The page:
We love Jesus… so why are we still dealing with these issues? In this series, we address how the gospel frees us from the shame associated with our daily sins and struggles, and then helps us overcome them.
By Sam Peck
Imagine a world absent of shame. A world without the constant nagging and gut wrenching feelings of regret. A world where you never have to look back over your shoulder at your decisions, wondering if anyone is noticing your trail of constant failures and inconsistencies. A world where every moment can be fully enjoyed without consuming questions running in the background like: “Will I regret this?” or “When will this good feeling end?”. In a shameless world, you only look forward. In a shameless world there is no “temporary joy”, just “joy”. There is no fear of something running out, or fear that we have ruined our future. Just pure satisfaction in the moment we are in, absent of stress and anxiety.
For most of us, this world sounds less like reality and more like “wishful thinking”. When we were kids the idea of a perfect world was easily imaginable, but the longer we live with shame and regret running in the background and filling our screens every day, the more a shameless world begins to feel like fiction.
As humans we experience short, fleeting glimpses of a shameless existence throughout life. Moments like: seeing my wife walk down the aisle, or holding my daughter in my arms for the first time after she was born. These moments temporarily remind us that a perfect world is possible, if only for a moment. Moments like these remind us that we were made to inhabit a perfect and shameless existence. However, our failures and life’s hardships quickly rush into the forefront, bringing us back into a cynical state of doubt in which we continually believe that a shameless and perfect world only belongs in fairy tales.
What would have to happen for there to truly be a perfect and shameless world? At least six things would have to happen:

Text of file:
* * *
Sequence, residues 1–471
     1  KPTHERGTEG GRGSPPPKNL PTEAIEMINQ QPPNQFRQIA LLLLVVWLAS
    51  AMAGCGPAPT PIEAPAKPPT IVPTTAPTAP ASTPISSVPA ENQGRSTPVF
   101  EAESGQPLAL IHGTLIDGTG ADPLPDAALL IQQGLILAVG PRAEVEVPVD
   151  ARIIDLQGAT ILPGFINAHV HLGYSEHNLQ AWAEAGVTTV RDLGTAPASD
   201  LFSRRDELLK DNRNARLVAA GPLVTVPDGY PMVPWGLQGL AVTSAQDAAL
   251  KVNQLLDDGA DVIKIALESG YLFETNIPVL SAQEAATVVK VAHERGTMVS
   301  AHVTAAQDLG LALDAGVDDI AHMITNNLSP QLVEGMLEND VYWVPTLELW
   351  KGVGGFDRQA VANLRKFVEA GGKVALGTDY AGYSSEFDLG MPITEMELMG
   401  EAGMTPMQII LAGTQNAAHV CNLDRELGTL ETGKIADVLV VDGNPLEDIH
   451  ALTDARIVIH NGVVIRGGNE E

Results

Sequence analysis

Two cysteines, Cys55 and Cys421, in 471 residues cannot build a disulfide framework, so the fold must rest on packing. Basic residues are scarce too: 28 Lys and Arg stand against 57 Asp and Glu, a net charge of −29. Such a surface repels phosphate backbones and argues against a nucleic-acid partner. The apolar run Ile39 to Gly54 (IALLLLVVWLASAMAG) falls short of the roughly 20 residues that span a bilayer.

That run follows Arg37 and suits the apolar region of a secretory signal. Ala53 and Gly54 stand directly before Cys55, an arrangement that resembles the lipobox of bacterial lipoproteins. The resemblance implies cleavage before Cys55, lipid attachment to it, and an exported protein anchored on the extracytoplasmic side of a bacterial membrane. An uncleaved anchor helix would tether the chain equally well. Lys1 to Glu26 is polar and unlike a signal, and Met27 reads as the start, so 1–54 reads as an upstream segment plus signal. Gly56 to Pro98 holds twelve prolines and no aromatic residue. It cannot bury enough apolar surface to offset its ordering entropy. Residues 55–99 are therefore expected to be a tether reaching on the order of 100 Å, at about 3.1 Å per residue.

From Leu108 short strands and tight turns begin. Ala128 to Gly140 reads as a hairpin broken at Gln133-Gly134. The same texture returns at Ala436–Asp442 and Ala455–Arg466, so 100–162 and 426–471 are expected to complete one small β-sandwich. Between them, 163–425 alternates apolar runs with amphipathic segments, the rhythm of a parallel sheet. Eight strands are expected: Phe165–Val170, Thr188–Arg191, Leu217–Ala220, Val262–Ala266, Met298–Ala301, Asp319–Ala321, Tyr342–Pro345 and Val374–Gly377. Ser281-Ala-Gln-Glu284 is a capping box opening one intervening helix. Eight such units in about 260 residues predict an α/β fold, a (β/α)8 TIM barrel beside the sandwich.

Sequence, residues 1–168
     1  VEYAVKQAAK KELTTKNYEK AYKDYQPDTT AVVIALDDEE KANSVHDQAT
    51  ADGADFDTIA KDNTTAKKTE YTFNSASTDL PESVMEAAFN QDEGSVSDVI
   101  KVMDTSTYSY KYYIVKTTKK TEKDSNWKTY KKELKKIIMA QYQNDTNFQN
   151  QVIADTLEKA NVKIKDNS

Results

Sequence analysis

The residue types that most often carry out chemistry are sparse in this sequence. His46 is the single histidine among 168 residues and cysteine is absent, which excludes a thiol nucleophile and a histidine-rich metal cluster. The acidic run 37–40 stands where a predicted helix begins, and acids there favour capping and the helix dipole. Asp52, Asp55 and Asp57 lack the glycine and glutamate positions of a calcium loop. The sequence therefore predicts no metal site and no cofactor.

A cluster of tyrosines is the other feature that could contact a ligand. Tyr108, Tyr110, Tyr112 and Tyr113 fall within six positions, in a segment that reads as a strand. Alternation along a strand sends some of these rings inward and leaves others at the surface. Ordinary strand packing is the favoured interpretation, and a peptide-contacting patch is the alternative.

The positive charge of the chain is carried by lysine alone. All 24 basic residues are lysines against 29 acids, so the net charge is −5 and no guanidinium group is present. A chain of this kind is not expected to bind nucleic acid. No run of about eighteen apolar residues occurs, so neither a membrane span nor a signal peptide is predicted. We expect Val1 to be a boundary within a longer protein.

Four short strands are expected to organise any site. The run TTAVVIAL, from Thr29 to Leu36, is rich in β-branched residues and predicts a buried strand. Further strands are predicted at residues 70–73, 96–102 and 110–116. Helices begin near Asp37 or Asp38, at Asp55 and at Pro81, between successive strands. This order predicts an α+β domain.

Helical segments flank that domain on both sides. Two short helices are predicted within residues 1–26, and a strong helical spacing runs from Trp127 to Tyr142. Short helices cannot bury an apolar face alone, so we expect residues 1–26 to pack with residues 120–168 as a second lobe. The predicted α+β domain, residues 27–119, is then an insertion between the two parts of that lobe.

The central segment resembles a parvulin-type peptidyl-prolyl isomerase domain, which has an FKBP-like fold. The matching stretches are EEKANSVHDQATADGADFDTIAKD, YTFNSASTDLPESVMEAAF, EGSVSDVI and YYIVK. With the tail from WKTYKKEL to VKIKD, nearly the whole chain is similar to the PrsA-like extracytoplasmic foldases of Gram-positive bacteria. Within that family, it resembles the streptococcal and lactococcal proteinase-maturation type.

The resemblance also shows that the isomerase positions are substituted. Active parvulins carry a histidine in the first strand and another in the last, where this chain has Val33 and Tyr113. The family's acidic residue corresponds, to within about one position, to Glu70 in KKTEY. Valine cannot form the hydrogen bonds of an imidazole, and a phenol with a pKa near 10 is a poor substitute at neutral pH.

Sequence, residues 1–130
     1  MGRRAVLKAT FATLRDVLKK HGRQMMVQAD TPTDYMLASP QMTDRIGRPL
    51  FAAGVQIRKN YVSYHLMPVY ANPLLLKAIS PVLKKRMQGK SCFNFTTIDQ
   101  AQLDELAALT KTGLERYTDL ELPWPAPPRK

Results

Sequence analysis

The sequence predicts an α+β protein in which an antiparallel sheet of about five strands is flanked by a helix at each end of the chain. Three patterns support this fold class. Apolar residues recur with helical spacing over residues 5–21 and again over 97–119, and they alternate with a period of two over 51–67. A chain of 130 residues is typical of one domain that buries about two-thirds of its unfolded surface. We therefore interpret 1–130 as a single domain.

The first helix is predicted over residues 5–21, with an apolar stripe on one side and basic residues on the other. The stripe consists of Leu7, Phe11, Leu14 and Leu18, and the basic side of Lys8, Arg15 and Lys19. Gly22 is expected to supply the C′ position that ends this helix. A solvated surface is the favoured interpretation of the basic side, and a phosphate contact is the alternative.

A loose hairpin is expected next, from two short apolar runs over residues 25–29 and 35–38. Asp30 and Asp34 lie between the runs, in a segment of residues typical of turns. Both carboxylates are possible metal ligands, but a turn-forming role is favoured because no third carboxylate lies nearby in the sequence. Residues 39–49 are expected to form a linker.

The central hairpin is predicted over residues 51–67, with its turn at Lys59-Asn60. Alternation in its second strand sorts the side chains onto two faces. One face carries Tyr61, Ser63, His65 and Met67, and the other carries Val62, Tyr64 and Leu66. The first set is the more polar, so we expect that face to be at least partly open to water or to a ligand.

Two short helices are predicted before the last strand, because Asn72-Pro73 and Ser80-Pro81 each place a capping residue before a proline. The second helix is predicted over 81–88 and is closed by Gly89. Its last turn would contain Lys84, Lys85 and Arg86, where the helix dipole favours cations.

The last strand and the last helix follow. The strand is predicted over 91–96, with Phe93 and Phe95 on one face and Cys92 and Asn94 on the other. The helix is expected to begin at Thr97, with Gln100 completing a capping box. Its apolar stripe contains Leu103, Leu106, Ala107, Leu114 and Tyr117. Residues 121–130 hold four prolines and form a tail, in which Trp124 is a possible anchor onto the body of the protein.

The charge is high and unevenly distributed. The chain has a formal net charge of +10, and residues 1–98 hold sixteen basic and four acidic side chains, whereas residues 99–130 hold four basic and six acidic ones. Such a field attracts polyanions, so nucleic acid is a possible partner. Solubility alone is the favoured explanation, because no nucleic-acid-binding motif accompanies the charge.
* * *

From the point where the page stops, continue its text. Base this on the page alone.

1: The debts of our past failures would have to be propitiated (paid for). What good would a perfect world be if it was marred by the fear that the debts of my past mistakes would follow us into it? Imagine the weight of knowing everything around you was perfect, except you. The eternal shame would be hellish, to say the least.
2: Our desire to do what is wrong would have to be regenerated (changed). Even if my past failures were forgiven, it would only be a temporary fix if my desires were still to do wrong and hurtful things. Something drastic would have to change in the deepest part of my being. Without a new and perfected nature, how could I possibly inhabit a new and perfected world? My presence there would taint it and destroy its perfection.
3: Evil’s power would have be defeated and evil’s presence would have to be eradicated. A perfect world is only perfect if the things that are imperfect and destructive are completely removed.
4: Death itself would have to be defeated. For there to be a perfect and shameless world death would have to no longer exist. Eternity would have to become reality. For this we would need new bodies that were made to last, and could not die or decay.